BALTIMORE – A Rwandan professor has been suspended with pay from teaching French at Goucher College while officials there investigate claims that he was involved in the 1994 genocide in his home country.
College President Sanford Ungar told faculty and students in an e-mail Saturday that Professor Leopold Munyakazi, 59, was removed from teaching after officials learned he had been indicted in 2006 on genocide charges in Rwanda.
More than a half-million Tutsis and moderate Hutus were killed in 1994 after the then-president's plane was shot down as he returned from negotiating with Tutsi rebels.
Munyakazi, a Hutu, said in an interview Monday at his home that he has been persecuted by the Rwandan government because his wife is Tutsi and he protected her and her family during the killings.
"I'm not hiding; I was never involved in genocide," Munyakazi said in an interview Monday at his home. "In my conscience, I am free of any guilt."
Ungar said in the e-mail that he removed Munyakazi from teaching duties because the allegations are so serious, but the removal "in no way reflects a judgment about Dr. Munyakazi or about the charges that have been made."
The accusations came to Ungar's attention in December when he was approached by an NBC News producer working on a story that involved Munyakazi.
"Some people knew that he had expressed controversial views," Ungar said in an interview Monday. "But in colleges and universities you don't think it's a bad thing to express controversial views. Nobody knew there were charges of that nature."
Student Max Levenson, 19, of Harrisburg, Pa., said Goucher did the right thing by suspending Munyakazi, although he said that did not mean he believed the professor was guilty.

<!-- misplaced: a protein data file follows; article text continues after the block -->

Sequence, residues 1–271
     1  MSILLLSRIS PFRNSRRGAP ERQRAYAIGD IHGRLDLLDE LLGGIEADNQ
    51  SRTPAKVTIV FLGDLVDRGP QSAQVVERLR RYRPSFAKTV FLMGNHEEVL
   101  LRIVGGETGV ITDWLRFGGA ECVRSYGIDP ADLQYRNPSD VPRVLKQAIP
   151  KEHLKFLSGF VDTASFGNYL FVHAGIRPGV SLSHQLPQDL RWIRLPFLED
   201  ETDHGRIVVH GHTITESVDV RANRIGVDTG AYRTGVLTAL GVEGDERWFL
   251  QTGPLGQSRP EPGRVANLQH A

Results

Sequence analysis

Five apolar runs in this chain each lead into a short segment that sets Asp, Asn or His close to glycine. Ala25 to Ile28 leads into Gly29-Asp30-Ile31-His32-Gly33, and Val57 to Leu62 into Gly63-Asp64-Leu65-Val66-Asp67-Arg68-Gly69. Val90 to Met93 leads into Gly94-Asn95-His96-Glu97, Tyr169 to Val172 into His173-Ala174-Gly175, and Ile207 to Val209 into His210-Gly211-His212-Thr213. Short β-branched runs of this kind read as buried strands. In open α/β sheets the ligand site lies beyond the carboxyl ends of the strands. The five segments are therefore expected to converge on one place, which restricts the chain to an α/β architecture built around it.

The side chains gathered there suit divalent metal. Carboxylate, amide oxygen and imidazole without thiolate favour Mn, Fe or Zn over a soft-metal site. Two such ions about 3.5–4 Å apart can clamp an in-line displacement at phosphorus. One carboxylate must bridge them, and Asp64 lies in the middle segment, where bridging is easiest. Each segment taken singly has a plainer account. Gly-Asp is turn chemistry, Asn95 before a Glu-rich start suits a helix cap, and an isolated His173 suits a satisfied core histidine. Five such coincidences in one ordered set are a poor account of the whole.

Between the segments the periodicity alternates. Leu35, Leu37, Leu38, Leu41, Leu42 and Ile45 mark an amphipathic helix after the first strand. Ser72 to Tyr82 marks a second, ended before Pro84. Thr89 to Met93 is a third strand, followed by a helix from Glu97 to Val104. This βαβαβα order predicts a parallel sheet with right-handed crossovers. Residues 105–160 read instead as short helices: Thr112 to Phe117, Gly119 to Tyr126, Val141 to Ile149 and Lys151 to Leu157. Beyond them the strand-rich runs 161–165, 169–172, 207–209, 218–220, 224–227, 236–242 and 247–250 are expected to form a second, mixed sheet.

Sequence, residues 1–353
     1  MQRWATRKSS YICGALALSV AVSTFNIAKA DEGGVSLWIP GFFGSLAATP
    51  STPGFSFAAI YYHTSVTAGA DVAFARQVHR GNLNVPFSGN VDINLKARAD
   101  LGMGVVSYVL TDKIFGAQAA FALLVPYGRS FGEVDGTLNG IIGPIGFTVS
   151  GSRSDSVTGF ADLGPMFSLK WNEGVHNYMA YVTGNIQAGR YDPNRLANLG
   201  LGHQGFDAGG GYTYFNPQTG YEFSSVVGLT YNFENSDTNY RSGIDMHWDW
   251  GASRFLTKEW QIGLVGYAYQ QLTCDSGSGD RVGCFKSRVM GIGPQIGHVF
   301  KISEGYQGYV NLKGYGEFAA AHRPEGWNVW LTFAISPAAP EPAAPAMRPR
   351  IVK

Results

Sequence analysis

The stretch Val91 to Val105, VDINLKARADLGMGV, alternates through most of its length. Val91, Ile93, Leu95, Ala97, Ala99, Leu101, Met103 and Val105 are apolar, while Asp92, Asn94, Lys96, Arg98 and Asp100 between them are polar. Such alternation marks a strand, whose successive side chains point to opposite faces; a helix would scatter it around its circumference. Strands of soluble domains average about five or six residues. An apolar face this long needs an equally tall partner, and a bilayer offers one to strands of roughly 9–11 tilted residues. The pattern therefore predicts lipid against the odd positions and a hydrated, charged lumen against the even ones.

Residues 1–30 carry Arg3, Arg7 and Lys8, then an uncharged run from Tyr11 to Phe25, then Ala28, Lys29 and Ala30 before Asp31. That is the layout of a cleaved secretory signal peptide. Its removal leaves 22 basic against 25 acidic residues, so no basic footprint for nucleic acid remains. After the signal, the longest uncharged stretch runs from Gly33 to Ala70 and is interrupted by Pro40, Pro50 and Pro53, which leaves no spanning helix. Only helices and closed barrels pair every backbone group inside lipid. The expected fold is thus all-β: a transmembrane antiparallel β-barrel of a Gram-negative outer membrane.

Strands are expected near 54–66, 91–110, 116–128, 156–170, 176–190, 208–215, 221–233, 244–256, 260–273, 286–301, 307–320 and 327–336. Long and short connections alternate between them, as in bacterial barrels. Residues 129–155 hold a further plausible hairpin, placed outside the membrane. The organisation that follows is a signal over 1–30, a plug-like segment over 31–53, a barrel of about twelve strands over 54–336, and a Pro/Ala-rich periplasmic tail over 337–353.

Munyakazi said he was held in Rwanda without trial from 1994 to 1999 on accusations of genocide.
When he was released provisionally because of his age and profession, he left the country for a seminar in the U.S. and never returned, according to Andrew Tusabe, second counselor at the Rwandan embassy in Washington.
The indictment charges Munyakazi with murder and several other genocide-related counts, Tusabe said. He declined to give specifics about each charge, but as an example he said that one alleges Munyakazi inspected roadblocks where he instructed officers to require identification from people fleeing. Those who were Tutsis were killed.
The Rwandan government has asked the U.S. to send Munyakazi and five others back to Rwanda, but they must go through the justice system here first, Tusabe said.
The U.S. Justice Department has referred questions about Munyakazi's case to the U.S. Immigration and Customs Enforcement agency, which did not return calls for comment Monday.
A frustrated Munyakazi produced several certificates of good conduct, which he said proved he was not involved in genocide. He said he had not been contacted by any U.S. government or international police agency, and in fact had applied for U.S. citizenship.
"I am used to the persecution of the Rwandan government," he said. "There's no justice."
Officials in Rwanda were not immediately available for comment because it was after hours there.
"Evidence that would either convict or exonerate Dr. Munyakazi beyond a reasonable doubt simply does not exist at this time, or if it does, I have not seen it," Ungar said.
Ungar noted that the indictment was prepared in 2006, 12 years after the killings in Rwanda but just a month after Munyakazi gave a lecture in New Jersey, where he was teaching at Montclair State College. During the talk, he questioned the Rwandan government's account of events during the conflict.
Munyakazi started teaching in September at Goucher College in Towson, just north of Baltimore. He was contracted for two semesters through the Scholar Rescue Fund, which provides fellowships for scholars whose lives and work are threatened in their countries.
Ungar said the fund and its parent organization, the Institute of International Education, are investigating but have not been able to confirm the claims in the indictment. Calls to the fund and institute were not immediately returned.
Ungar said the college plans to provide off-campus housing for Munyakazi and his family until the end of this semester.
Munyakazi said Monday that his main concern now is getting another job.
"You can't live in the United States without working," he said.